Photographs made by William R. Pywell documenting the Yellowstone Expedition of 1873. They largely consist of images of the expedition's camps, transportation, and members (including George A. Custer and Bloody Knife), as well as some images of frameworks for American Indian dwellings.
Photograph depicting Castle Creek valley with distant elevated view of General George Armstrong Custer's wagon train passing through. The stereograph was published as part of Illingworth's "Stereographs of the Black Hills" series.
Image of Dr. William C. Sturtevant and Professor Harold C. Conklin of Yale University in Sturtevant's office in the National Museum of Natural History on June 24, 1998. Conklin is shown wearing a pin marking the Centennial of the Philippine Declaration of Independence, in preparation for the Smithsonian Folklife Festival.
Studio portraits of Red Cloud and possibly Little Wound, as well as one image probably of an Oglala camp near the eastern edge of Chadron, Nebraska.
Studio portraits of Klamath, Modoc, and Tolowa Indians made by surveyor Alexander W. Chase while working for the Coast Survey. Also included are photographs of artifacts from his ethnographic and archaeological collection. The photographs are mounted on brown paper with handwritten descriptions; two newspaper articles, including Alexander Chase’s own article for the Topeka Daily Capitol, are glued to the back of two of the photographs
Images of Kukukuku (Anga) men, women, and children in the Watut Valley of New Guinea.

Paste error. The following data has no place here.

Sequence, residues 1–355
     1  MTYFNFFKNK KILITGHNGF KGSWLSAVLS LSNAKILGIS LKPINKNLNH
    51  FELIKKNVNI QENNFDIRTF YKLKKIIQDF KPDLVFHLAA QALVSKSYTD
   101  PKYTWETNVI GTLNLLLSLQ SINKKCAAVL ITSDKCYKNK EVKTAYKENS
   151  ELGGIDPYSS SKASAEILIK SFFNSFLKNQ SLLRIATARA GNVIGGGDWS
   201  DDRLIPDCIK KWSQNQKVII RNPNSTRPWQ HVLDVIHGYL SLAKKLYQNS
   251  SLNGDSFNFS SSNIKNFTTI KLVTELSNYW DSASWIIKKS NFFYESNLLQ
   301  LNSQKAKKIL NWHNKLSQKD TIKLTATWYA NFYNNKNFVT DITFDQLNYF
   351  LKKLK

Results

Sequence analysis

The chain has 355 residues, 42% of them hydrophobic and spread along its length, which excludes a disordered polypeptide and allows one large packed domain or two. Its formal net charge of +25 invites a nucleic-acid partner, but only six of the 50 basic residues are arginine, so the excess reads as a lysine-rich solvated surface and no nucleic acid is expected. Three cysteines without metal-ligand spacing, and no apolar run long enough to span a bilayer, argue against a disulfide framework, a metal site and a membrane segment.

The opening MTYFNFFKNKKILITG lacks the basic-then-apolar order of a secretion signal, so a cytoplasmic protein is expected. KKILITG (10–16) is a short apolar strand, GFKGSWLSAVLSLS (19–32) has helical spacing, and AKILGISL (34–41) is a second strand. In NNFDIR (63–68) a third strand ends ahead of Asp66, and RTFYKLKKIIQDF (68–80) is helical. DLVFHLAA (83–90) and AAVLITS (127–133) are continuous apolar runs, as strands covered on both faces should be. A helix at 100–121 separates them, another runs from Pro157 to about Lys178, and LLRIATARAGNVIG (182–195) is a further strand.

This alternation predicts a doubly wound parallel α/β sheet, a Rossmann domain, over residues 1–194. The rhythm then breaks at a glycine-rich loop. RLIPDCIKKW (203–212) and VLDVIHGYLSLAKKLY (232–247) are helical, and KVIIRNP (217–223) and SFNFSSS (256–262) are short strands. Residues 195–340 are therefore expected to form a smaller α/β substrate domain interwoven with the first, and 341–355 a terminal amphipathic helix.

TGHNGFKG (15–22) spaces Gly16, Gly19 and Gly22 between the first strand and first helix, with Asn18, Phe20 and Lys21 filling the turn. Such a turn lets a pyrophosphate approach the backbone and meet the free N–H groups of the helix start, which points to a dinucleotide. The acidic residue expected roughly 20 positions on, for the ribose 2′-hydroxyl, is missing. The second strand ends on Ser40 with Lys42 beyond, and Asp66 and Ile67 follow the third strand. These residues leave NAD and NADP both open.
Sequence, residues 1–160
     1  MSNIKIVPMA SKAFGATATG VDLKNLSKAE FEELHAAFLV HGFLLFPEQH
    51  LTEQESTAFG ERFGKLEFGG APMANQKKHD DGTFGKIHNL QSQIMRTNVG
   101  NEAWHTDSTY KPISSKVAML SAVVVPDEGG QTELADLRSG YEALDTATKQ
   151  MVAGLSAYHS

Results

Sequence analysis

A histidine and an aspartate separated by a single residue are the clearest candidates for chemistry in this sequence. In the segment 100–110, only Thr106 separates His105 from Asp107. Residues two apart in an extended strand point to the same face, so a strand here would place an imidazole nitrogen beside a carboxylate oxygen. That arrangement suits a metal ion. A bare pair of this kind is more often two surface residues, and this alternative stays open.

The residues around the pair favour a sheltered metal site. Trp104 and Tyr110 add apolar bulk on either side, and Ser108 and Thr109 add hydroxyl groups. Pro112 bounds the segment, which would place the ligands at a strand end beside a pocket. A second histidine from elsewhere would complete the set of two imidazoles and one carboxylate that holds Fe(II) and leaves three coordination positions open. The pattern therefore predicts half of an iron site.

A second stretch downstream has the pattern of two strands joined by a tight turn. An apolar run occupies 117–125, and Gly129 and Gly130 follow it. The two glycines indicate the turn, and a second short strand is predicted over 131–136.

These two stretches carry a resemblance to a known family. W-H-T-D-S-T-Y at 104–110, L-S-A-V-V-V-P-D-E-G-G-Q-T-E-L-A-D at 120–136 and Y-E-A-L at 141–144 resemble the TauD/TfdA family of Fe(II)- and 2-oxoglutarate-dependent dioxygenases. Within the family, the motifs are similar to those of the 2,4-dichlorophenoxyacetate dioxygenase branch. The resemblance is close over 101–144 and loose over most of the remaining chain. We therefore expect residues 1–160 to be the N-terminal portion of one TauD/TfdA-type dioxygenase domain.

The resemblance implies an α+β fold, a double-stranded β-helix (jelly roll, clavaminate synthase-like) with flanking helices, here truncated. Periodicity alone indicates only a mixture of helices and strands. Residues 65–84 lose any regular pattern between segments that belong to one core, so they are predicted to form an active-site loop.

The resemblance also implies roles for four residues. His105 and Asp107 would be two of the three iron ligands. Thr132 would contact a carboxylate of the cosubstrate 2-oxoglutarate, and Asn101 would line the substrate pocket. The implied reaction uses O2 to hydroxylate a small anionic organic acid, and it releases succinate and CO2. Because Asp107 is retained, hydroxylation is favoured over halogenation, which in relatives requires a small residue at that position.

Mostly individual and group portraits of Apache, Arapaho, Assiniboine, Delaware, Isleta, Kickapoo, Mescalero Apache, Navajo, San Carlos Apache, Sioux, Taos, and Tohono O'odham Indians. The collection also includes a self-portrait of Gary Auerbach and images of weavers, dancers, tipis, Canyon de Chelly, Taos Pueblo, and Taos cemetery. Additionally, there are biographical questionnaires and one autostereoscopic multidimensional platinum print.
Japanese cartes de visite depicting people, villages, cities, and dwellings. Many of the prints are hand colored and some of them are stamped "M. Gillet Gill," possibly a reference to Martin Gillett Gill, a tea merchant in Baltimore in 1880. He may have originally purchased or collected the cartes de visite.
Images of caches and an Inuit grave near Iqaluit, Baffin Island, Nunavut.
Photographs probably made by Ruth Bunzel during her fieldwork among the Quiche in Chichicastenango, Guatemala, in 1930-32. Images include Quiche Indians and families, a church (probably the Church of Santo Tomás), a procession and ceremony, and landscapes.